if you are wanting to fill the freezer this year, I have 1 cow tag left. Say the word and it’s yours. The season goes until January 31. Tell me when you want it and I’ll get it for you as quickly as I can.
 

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I am really big on that whole group of guys. Remi, Steve, Janis, Ryan Callahan, all those fellas and their shows/podcasts/YouTube videos. I've listened to a few Cutting the Distance, I'll go back to it! Lately I've been listening to the Meateater podcast.
First: Quit listening and watching all those guys. They all have top notch/high dollar properties managed to put trophy animals in their laps. It is unrealistic for people like you and me.
Second: PM Moosemeat, like yesterday, and accept his very generous offer on that cow elk tag already!
He knows what he is doing.
 

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That’s an incredibly generous offer and late season cow elk hunting is honestly a blast. You should really take Moose up on his offer, the dude knows his sh!t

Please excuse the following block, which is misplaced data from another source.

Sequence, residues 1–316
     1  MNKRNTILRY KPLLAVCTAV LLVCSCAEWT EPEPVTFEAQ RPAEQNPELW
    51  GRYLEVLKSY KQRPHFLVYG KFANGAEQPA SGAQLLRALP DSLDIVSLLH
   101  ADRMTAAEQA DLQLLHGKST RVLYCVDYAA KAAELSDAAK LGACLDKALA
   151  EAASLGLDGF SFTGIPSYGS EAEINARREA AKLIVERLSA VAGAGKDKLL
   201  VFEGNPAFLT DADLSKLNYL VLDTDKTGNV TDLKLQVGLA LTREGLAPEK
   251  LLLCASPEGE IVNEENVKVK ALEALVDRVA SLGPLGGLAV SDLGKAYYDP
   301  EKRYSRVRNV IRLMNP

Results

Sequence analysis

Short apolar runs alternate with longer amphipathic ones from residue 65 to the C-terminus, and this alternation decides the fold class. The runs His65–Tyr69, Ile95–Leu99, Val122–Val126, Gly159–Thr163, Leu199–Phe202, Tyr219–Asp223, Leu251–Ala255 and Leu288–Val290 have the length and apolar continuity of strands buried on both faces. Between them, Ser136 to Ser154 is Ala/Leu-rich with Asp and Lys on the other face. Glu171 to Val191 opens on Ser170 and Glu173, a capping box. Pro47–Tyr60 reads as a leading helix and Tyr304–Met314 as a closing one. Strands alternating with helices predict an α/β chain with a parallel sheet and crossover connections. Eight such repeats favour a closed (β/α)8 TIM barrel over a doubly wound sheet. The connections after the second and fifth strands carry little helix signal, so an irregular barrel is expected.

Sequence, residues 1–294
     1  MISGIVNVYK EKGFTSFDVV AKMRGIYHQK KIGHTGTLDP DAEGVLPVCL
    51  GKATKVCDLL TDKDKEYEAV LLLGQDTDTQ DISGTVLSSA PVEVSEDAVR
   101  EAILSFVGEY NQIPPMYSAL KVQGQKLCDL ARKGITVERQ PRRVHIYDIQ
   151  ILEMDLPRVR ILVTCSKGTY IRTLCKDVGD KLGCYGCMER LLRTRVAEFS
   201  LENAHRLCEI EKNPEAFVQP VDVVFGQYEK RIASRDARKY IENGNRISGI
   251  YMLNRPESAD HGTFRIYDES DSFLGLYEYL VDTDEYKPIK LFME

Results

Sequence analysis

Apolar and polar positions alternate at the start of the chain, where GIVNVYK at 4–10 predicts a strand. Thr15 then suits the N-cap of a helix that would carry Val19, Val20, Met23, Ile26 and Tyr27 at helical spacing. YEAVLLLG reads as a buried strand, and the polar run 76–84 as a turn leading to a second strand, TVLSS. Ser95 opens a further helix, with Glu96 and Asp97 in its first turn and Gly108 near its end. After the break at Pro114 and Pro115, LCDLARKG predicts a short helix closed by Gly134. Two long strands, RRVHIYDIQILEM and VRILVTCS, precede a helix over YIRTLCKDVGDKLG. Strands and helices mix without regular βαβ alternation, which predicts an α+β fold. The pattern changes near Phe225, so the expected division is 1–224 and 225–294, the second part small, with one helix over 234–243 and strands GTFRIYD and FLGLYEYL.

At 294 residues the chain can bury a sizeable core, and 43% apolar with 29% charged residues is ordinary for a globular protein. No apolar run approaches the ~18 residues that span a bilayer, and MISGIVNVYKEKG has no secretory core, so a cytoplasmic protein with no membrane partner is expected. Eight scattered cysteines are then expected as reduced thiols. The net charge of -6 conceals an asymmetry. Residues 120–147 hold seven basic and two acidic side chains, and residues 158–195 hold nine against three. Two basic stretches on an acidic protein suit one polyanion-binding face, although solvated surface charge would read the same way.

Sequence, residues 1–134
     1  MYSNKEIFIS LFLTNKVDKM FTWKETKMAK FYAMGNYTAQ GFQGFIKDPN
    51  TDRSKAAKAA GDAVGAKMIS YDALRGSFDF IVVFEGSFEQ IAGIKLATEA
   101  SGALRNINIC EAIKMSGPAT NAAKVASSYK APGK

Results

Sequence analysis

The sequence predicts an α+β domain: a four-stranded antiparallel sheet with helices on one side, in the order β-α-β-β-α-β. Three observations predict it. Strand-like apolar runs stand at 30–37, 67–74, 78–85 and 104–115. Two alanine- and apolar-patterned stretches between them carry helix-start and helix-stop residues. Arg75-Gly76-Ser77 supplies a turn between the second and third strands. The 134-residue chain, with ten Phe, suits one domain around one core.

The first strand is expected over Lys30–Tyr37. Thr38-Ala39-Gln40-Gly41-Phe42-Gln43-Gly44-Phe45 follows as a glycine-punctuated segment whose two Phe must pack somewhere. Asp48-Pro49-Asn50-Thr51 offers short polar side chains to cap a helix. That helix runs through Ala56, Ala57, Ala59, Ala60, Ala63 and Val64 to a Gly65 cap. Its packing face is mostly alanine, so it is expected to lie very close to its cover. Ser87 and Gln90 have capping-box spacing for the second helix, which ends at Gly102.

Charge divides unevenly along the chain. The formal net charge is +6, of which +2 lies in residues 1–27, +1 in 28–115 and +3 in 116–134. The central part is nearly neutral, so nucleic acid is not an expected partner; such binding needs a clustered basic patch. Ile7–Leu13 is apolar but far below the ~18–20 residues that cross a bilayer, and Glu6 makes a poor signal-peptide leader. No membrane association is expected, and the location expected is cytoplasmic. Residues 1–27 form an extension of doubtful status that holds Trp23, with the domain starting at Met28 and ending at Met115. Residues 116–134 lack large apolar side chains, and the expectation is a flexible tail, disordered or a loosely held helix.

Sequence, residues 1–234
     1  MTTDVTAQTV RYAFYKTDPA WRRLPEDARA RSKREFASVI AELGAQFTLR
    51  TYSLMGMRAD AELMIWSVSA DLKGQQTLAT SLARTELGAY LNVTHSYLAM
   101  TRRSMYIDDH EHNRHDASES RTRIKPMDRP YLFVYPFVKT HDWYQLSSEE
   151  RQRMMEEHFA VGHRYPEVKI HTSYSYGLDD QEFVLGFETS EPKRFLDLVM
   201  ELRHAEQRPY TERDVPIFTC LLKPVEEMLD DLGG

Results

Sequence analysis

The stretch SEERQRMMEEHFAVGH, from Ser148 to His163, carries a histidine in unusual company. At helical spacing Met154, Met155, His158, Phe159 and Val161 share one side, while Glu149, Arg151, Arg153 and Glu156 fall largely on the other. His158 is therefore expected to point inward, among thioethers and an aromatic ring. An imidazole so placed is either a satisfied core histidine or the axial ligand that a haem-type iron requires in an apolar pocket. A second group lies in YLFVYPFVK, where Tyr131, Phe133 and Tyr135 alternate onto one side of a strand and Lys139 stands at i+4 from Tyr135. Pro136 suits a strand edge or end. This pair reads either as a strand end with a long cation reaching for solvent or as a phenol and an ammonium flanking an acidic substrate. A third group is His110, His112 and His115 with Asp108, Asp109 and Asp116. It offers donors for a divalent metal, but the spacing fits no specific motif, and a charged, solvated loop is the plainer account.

I’ll second the bit about finding overlooked spots, it’s one of my go-to methods. I shot my buck this year 600 yards from where I parked on the muzzleloader and my wife shot hers 200 yards from where I shot mine on the rifle.
 

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The last couple post on this thread have me scratching my head. Correct me if I’m wrong but Moose is offering to shoot the cow and donate it to his freezer because he has more than he can handle.

He is not offering to mentor this adult on a late cow hunt because that is not a thing.


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From what I gathered, he has a voucher that hasn’t been claimed
No, I have 1 tag left, it’s mine, im willing to donate the meat to from it to him if he wants it. He said something about an empty freezer and wants to get it filled. Im sure it’s implied that he wants to do it himself, but if it a necessary need for this year I can help.